Turmoil ahead as Larissa Waters and Fiona Nash plan for comeback

High court decision leaves the Greens as well as the Liberal and National parties facing tricky internal pressures

The former Greens senator Larissa Waters could be back in Canberra within months, despite having had to resign because of her dual citizenship, under Greens internal processes that allow preselected candidates to take their place in the Senate before facing the voters.

Andrew Bartlett is expected to replace Waters after Friday’s adverse high court decision, but it is possible Waters could return via a casual vacancy if she is preselected late this year or early next year at the top of the Greens Queensland Senate ticket.

The handover, which may be pushed by members, can happen only by agreement. The swap-out could also happen in other states, such as New South Wales, where Mehreen Faruqi will run for Greens preselection for the Senate in 2019, in a challenge to Lee Rhiannon.

When asked by Guardian Australia on Friday if she hoped to come back to parliament after gaining preselection, Waters said: “Hopefully yes.”

For his part, Bartlett said his intention was to “hit the ground running” after the court ruling.

“Having done it before I know what’s involved. We’ve had a lot of disruption and uncertainty for the last three months so we need to get on with it,” Bartlett said.

“We’ve got a state election happening soon, a party preselection after that for the next election, so some time down the track after a lot of discussion with members we’ll think about things, but I’m certainly intending to take up the seat if that’s how things pan out, and get on with the job.”

Asked if he would challenge Waters for the party’s Queensland Senate spot in the coming preselection, he said that was too far into the future to think about.

“It’s a long way down the track, we’ve got a state election to focus on first so I’m really just wanting to get a Greens representative back in [federal parliament] and get on with the job for the moment.”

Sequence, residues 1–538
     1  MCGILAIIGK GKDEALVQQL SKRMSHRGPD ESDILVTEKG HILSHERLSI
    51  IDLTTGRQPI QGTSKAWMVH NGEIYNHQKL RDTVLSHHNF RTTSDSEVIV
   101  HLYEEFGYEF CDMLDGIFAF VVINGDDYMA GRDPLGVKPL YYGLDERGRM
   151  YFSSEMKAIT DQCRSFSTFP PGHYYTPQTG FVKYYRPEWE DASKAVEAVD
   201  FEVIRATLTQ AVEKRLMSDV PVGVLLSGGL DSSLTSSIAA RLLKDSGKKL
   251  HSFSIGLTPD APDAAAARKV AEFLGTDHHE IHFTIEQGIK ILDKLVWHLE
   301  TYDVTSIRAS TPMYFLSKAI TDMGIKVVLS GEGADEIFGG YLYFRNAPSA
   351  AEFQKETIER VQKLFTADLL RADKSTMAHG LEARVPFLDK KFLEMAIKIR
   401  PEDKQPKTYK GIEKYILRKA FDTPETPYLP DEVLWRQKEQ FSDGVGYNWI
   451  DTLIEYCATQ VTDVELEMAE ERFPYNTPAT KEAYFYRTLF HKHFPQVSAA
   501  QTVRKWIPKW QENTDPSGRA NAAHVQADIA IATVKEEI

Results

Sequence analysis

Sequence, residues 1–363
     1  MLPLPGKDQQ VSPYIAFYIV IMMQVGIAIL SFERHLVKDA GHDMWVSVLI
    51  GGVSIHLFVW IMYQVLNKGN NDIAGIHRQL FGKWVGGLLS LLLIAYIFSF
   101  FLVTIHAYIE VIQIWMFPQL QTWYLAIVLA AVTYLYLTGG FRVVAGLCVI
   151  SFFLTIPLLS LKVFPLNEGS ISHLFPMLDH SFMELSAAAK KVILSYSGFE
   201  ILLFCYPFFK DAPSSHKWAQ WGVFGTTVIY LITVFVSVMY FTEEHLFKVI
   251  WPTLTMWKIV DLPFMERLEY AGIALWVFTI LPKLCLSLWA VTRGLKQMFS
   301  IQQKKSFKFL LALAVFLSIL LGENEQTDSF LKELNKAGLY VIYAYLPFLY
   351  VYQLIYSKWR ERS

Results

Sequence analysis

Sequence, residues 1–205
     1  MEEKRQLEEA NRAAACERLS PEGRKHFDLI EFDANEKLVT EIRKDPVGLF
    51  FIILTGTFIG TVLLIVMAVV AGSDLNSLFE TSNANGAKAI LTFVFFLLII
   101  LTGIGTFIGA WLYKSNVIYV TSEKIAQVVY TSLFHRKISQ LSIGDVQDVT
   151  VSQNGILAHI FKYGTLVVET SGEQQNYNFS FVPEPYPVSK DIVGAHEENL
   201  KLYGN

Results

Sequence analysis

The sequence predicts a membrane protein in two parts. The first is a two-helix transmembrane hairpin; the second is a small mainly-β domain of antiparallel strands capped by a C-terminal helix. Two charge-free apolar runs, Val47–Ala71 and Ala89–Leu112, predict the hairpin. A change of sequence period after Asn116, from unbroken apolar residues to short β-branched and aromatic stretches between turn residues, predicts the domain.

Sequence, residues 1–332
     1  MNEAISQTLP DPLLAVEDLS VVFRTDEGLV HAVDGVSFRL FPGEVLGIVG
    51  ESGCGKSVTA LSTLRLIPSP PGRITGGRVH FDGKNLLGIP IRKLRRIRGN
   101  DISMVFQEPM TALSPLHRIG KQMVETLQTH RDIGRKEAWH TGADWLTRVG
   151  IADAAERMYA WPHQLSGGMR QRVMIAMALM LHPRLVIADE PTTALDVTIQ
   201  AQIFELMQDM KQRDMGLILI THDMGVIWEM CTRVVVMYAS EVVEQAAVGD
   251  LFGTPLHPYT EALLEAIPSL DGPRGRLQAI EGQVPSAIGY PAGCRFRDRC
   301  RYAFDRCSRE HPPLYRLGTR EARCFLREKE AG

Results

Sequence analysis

The Greens are not the only party facing complicated internal pressures as a consequence of Friday’s high court decision.

The court knocked out the Nationals deputy leader and New South Wales senator Fiona Nash, but she wants to remain in politics.

It is understood that if Nash doesn’t return as part of the resolution of the high court decision, she is highly unlikely to contest the federal election in 2019, which will leave the Nationals short of a senior woman with ministerial experience.

The Liberal party’s Hollie Hughes, who held the sixth spot on the NSW Senate ticket, will seek to retain Nash’s seat if the looming recount shows she has won it. The Nationals want Hughes to vacate that spot in favour of Nash.

The looming dispute will have to be hammered out between the NSW Liberal and National parties.

The Nationals want Malcolm Turnbull to intervene in an effort to shore up Nash, but the situation is delicate, given the relationships between the Coalition partners, and the government’s precarious political position in the parliament.

A senior National pary member said: “We aren’t going down without a fight, but we don’t want to blow up the farm, either.”

The prime minister spoke about Nash on Friday in the past tense, paying tribute to her service.


Katharine Murphy and Gareth Hutchens

The GuardianTramp

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